commerce, and that it applies only within certain limited territories and does not materially affect the problem if we consider the world at large. Because several million people happen to make a living on Manhattan Island by substituting capital for land, it does not follow that the whole world could do the same, nor would it follow even if two hundred million people could make a living in a similar way within the present boundaries of the United States. Our country would not then be truly self-supporting, in any large and complete sense, any more than the Island of Manhattan, or the Island of Great Britain, or Belgium now is. All urbanized populations bring in the products of the soil from regions where soil is abundant, work them over in industries which require much labor and little land, and send them out again to exchange for raw materials, living all the while on the profits of this class of transactions. As these urbanized populations grow, it is necessary to send farther and farther, to wider and wider fields for the products of the soil. Why is this necessary? Why should not England get all her agricultural products from her own area? Merely because of the law of diminishing returns. To double the produce of the English farms would not double, but treble or quadruple, the cost of cultivation. That is what the law of diminishing returns means, and it never meant anything else. Because of this law England finds it cheaper to send to distant countries for her wheat and beef, paying the cost of transportation, than to cultivate her own farms with a sufficiently high degree of intensity to enable her to live off her own soil.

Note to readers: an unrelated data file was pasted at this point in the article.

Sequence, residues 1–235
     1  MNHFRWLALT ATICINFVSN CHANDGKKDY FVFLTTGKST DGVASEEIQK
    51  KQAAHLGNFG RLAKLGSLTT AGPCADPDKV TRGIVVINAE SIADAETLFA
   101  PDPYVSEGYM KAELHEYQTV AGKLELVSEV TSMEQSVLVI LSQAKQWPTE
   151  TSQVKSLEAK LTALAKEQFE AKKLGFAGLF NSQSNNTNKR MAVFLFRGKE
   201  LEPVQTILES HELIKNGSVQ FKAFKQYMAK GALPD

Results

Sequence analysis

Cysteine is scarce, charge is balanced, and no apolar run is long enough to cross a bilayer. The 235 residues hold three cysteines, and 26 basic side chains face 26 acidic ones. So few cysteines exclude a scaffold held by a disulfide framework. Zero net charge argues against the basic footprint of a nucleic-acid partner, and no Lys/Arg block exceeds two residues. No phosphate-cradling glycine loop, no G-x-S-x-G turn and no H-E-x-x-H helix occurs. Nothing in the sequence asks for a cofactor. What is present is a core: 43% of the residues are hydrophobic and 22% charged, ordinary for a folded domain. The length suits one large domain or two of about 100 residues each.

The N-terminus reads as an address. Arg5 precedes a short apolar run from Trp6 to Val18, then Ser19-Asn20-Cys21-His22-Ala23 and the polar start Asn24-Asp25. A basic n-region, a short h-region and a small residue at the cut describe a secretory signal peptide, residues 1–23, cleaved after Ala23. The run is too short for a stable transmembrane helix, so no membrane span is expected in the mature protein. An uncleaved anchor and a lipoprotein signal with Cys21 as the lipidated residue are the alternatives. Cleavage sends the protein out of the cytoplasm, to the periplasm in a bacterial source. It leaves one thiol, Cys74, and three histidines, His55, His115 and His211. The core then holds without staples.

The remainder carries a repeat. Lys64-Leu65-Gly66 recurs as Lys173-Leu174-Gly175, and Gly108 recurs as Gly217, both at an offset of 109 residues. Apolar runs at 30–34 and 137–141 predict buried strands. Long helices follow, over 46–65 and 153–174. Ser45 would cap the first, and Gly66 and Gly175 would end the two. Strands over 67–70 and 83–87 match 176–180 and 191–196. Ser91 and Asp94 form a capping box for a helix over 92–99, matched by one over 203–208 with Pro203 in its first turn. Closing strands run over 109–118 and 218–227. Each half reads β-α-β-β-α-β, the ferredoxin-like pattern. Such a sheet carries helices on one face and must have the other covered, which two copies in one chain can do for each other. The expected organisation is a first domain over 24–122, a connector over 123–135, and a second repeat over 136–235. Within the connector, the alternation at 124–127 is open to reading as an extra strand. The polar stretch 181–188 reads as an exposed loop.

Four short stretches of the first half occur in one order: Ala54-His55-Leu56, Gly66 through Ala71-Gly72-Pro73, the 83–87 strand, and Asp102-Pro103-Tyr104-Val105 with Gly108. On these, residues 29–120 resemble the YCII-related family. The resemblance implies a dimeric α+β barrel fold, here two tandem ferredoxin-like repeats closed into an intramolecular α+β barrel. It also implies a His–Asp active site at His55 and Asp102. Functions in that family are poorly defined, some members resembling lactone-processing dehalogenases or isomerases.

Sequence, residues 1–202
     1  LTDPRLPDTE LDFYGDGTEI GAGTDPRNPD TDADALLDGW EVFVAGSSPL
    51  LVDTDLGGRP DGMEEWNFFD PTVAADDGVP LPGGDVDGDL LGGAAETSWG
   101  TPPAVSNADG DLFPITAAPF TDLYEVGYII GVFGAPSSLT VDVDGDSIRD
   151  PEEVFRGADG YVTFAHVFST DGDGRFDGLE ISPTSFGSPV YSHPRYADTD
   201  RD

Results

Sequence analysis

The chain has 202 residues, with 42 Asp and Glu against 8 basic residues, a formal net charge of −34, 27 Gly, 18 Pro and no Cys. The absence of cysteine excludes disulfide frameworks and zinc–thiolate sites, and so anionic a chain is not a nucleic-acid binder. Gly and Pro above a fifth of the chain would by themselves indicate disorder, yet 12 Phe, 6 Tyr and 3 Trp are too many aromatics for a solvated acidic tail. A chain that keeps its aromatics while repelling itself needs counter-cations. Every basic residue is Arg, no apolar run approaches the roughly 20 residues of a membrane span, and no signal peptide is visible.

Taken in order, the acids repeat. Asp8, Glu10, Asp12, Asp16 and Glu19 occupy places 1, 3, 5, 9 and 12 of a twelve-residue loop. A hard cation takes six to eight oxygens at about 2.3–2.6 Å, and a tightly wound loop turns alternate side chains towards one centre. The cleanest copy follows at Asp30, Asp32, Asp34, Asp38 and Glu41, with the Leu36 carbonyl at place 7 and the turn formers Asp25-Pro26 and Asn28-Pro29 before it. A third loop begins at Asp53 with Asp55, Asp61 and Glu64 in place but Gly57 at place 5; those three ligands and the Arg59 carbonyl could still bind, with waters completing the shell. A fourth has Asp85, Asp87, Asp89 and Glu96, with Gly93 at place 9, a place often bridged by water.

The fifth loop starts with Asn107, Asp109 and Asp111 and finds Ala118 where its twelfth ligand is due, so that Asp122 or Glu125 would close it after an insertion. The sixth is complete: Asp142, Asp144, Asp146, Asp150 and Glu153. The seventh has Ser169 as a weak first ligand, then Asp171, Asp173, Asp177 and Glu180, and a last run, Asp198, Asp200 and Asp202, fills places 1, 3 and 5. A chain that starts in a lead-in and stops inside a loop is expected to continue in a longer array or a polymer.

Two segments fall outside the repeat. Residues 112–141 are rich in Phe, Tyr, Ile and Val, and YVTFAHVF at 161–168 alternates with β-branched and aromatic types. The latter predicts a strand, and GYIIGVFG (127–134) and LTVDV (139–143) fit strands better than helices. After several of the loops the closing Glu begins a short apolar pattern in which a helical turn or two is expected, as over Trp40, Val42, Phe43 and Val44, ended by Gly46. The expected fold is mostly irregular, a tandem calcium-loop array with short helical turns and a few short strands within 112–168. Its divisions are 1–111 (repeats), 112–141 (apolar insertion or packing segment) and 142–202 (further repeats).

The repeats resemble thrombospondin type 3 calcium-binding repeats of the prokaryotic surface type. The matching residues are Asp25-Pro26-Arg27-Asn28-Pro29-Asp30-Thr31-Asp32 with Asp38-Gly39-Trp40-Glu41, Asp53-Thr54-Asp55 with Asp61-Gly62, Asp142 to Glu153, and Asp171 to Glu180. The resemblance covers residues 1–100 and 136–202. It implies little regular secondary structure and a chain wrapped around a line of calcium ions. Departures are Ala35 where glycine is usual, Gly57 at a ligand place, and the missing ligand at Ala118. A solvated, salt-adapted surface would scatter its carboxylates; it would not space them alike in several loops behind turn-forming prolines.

To be sure, the available waste land of the world is not all in use yet, and our increasing urban populations will be able, for many years to come, to thrust their transportation systems out farther and farther in order to secure these products which require land—space—superficial area for their efficient production. Therefore we need not worry about the food supply for a long time to come. It may, however, surprise some of our urban economists to learn how little modern science has enabled us to economize land, our inventions and machines having in the main, increased the product per unit of labor rather than the product per unit of land. So little has it increased the latter that, taking into account the rise in the standard of living, it is probable that it takes as much land to support the average family in any part of the civilized world to-day as it did when Malthus wrote his epoch-making work on population. By support I mean support in a complete economic sense. I mean that it probably takes as much land to supply all the things actually consumed by the average family to-day as it did then.
We could, to be sure, if we chose to do so, consume more of those crops which respond to intensive culture, such as corn, potatoes, bananas, etc., and less of those which yield their best results under ex-